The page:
The aviation and space flight industry is growing both in Sweden and globally. Within the next 20 years it is predicted that some 20,000 new airplanes will be built around the world, and the space flight industry is growing with new services for communication, positioning and Earth observation. This development brings with it new business opportunities for Swedish suppliers. But how do you become a supplier to the aerospace industry? Aerospace Cluster Sweden will supply the answers at Elmia Subcontractor.
The summer of 2018 was the hottest and driest in living memory, and thereby further underlined the necessity to conserve the planet’s resources. The aviation industry has long conducted research and development to reduce its own environmental impact. Old technologies are being phased out, opening the door for new opportunities and business deals. Electric drive, biofuels and lifecycle perspectives are just three fields where the aerospace industry needs new business partners.
“We describe it like a journey – you have to understand what you need to do and what changes are necessary, whether they are large or small,” explains Göran Berlemo, CEO of Aerospace Cluster Sweden. “This is an important insight and we try to help companies to make this journey – and a number of them already have.”
In essence, Aerospace Cluster Sweden is a network for all Swedish companies and organisations involved in the aerospace industry. Apart from major companies like GKN, Saab and RUAG, there are few Swedish suppliers to the aerospace industry. But there is considerable demand both in Sweden and globally for everything from companies that are good at baggage handling to components suppliers who can supply the major aircraft manufacturers.
“Switching over to becoming a supplier to the aerospace industry is not an easy investment to make, so you have to do some thinking first. That’s why companies need more knowledge about the industry, and they can get that from us,” explains Leif Johansson, Project Manager at Aerospace Cluster Sweden.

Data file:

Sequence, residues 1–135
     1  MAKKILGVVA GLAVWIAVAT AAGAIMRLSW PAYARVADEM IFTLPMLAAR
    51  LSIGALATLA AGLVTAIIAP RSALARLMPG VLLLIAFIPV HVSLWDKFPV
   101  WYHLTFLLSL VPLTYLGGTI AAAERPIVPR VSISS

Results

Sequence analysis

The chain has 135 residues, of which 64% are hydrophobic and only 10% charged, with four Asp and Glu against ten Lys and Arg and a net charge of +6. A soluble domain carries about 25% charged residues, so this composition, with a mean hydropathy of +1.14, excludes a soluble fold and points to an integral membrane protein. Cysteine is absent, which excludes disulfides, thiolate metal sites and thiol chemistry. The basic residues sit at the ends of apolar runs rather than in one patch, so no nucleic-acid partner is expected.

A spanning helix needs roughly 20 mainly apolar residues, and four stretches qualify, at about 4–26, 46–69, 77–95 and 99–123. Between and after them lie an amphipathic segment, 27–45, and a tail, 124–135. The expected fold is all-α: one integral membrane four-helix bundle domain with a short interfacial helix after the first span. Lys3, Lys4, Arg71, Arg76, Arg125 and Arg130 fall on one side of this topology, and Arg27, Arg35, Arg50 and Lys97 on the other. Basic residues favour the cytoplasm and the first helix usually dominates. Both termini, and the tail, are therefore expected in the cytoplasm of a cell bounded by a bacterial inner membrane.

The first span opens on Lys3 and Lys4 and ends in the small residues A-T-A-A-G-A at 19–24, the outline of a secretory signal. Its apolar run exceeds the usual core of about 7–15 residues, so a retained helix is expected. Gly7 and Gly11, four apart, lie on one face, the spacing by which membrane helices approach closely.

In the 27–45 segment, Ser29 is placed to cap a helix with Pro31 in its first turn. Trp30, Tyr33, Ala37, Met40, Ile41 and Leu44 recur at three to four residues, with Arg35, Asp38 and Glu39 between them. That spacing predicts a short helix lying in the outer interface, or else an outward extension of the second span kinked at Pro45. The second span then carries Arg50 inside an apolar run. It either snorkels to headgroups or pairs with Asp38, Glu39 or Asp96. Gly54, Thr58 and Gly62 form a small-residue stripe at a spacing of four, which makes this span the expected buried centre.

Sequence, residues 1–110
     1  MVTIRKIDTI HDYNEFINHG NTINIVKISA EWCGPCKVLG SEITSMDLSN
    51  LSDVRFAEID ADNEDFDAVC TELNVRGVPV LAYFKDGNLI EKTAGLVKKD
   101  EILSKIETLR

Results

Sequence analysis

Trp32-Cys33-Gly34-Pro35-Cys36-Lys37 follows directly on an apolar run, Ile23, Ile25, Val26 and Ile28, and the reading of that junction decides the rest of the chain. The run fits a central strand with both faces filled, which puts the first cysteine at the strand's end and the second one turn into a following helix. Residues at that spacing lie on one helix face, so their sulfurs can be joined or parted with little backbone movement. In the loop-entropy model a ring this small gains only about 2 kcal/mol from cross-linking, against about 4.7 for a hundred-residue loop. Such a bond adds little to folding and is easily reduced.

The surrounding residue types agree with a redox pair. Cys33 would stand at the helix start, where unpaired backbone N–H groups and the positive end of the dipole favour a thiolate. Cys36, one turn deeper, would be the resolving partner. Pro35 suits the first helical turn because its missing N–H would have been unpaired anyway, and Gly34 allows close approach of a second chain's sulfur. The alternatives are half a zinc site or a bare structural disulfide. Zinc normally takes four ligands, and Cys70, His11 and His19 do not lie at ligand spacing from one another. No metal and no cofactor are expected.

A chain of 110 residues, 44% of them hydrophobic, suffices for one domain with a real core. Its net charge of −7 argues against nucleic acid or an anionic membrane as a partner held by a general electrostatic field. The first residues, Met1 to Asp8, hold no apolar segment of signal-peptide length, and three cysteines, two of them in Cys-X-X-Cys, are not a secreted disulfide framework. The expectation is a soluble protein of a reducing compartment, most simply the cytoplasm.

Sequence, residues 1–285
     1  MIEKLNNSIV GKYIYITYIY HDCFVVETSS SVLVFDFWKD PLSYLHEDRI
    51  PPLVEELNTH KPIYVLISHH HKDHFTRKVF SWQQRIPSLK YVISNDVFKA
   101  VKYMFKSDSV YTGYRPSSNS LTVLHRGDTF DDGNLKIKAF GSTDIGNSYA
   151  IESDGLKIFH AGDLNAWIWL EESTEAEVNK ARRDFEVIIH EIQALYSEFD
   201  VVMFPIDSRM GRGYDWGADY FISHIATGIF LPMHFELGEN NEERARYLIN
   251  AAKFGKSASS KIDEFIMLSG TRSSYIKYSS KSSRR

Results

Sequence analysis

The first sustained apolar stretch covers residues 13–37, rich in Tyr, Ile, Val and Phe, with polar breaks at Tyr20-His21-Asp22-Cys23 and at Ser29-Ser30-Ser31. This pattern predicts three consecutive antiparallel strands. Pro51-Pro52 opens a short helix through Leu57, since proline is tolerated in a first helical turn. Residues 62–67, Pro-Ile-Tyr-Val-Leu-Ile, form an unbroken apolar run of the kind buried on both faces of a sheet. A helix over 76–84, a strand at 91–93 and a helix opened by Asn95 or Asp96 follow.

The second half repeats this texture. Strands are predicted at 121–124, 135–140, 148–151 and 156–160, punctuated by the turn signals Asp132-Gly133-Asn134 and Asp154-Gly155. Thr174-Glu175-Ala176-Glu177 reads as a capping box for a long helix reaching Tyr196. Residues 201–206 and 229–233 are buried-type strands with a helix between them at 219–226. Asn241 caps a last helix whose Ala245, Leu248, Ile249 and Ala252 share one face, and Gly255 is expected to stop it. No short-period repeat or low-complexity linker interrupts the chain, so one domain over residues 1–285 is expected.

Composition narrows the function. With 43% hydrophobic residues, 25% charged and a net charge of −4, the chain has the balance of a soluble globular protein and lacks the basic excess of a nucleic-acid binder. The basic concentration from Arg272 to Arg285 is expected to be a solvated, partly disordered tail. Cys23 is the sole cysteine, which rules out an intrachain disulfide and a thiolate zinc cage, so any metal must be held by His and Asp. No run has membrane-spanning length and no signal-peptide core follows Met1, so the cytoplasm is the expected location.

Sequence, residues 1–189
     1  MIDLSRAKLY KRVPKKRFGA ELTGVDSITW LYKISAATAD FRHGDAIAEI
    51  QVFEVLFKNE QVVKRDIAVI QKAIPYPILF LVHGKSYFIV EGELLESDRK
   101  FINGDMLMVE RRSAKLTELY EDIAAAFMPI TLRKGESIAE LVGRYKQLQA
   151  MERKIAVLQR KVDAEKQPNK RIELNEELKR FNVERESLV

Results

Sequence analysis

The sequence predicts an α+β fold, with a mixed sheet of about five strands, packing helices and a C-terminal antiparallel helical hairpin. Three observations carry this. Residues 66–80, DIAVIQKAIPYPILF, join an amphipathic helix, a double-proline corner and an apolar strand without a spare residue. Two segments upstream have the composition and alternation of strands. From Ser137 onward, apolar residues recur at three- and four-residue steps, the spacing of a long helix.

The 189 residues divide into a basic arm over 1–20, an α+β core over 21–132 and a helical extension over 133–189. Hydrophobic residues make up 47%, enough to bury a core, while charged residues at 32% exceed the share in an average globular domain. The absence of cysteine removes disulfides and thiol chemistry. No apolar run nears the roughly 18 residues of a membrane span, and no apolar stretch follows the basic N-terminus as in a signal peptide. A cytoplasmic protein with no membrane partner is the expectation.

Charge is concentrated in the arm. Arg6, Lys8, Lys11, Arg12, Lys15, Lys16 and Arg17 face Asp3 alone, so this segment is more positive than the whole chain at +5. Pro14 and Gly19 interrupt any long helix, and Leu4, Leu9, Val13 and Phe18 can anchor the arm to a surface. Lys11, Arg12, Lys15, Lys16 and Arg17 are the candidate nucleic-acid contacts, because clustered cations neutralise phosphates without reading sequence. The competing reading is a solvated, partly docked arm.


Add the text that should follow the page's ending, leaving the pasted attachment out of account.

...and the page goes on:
Much of this switchover is due to the industry’s high demands on quality and safety, and adapting to them requires both time and focused work. That said, if a company does succeed in meeting these demands, it has good opportunities to take off together with the aerospace industry.
“The demands are one barrier but after a company has overcome them, it is then better equipped to supply all its other customers who have high demands on quality and full traceability. And, of course, meeting these high demands will give a company access to a market that not everyone is competing in. Many Swedish companies, including SMEs, have good potential to satisfy the demands. Corporate management must take a strategic decision and then work must be done,” says Leif Johansson. He continues:
“Many airplanes will be built in the coming 20 years and there are many bottlenecks, some serious, in the supplier chain. Swedish companies can find a market in this sector and solve these bottlenecks.”
Göran Berlemo, CEO, and Leif Johansson, Project Manager, both of Aerospace Cluster Sweden, will be participating on the Direct stage on Thursday 15 November from 13:00–13:20 under the heading.